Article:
• Effective immediately we will be deleting, without notice, any negative threads or posts that deal with the use of encryption and streaming of scanner audio.

    We've noticed a huge increase in rants and negative posts that revolve around agencies going to encryption due to the broadcasting of scanner audio on the internet. It's now worn out and continues to be the same recycled rants. These rants hijack the threads and derail the conversation. They no longer have a place anywhere on this forum other than in the designated threads in the Rants forum in the Tavern.

    If you violate these guidelines your post will be deleted without notice and an infraction will be issued. We are not against discussion of this issue. You just need to do it in the right place. For example:
    https://forums.radioreference.com/rants/224104-official-thread-live-audio-feeds-scanners-wait-encryption.html

Scanner or Ham Radio? Was: Most reliable Ham Radio?

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#1
Hello to you all,

I hope Im in the proper area for this. Im looking for opinions & advice on the difference between listening to a ham radio and a police scanner. Soon all law enforcement will encrypt their digital signals leaving digital scanners silent. So my head went to ham radios, I do not want to transmit, (maybe when I retire I will revisit that thought). I want to listen to activity in my small town around the world?. Instead of spending $650 on a police scanner that will be silent in a year, would a ham radio be a better option?

Im an amateur when it comes to evan police scanners so much so I still don’t understand it which is why I had my old scanner pre-programmed for me. Whilst reading up on hams I got a headache trying to soak some of it up, it was greek to me. Im more of a hands on woman, I like pictures when I build book shelves. LOL.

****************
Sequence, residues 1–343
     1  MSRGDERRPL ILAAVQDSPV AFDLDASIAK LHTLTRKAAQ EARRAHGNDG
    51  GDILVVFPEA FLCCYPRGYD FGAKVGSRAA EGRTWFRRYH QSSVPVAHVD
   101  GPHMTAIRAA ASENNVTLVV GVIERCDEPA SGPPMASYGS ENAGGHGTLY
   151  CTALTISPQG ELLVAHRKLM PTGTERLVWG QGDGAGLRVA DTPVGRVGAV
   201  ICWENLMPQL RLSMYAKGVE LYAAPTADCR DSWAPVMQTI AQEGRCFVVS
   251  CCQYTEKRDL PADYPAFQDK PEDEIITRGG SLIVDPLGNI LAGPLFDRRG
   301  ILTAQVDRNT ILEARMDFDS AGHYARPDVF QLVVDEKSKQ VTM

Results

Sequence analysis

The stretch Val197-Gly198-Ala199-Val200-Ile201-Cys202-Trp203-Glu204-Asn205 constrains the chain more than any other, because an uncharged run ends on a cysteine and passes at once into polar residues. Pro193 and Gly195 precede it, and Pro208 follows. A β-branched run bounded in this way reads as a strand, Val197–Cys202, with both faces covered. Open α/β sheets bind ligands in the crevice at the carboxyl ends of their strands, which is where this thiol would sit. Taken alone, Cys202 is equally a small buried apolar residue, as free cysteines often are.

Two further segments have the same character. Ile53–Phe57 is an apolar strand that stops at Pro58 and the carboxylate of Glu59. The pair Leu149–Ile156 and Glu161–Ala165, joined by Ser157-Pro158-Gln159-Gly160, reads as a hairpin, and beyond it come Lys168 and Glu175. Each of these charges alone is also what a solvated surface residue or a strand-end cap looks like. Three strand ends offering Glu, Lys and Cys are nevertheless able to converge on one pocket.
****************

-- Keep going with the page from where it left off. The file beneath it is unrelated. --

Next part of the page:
I know I would need a transreceiver and I know Its illegal to transmit with out a license, but I can listen and be legal. So if a ham radio would be better at this point, which one would be reliable if you will? How do I even find traffic? I understand I would need a larger outside antenna, but one step at a time.

Im so confused I don’t even know the right questions to ask you. Like what is the range in comparison to scanners?

I did read on your forum that the gov’t is thinking about letting hams go digital. Good for you guys and gals!

Or should I just forget the whole thing and just go silent. Frustration is not a good thing on me. LOL.

I truly appreciate any advice- opinions anyone has, even if you tell me to go silent. HA!

Thanks so much and have a great day. Sunny
 
Joined
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Messages
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#2
T all places are going or can afford to go encrypted full time, ham radios do scan but such at a much slower rate than a dedicated scanner, if your area is going encryption you are out of luck if they are just going APCO 25 ( p25) your best bet is a scanner, on p25 they will use multiple channels plus a control channel on analog radios the cop talks to dispatch and dispatch talks to the officer the same "chsnnel" either digital that same conversation can be routed onto 5 different channels well it's happening, it's the job of the control channels ( which is always busy and will lock up your scanner from hearing the stuff you want) to "hop" that conversation around correctly, your scanner will decode this control channels d80ooata and let you correctly follow the conversation

Sent from my SM-T810 using Tapatalk
 

jwt873

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#3
Most VHF/UHF ham radios have wide receive coverage, but their primary function is talking and not scanning. The reason ham radios have become somewhat popular for scanning is because there are so many cheap Chinese models that cover the VHF and UHF bands.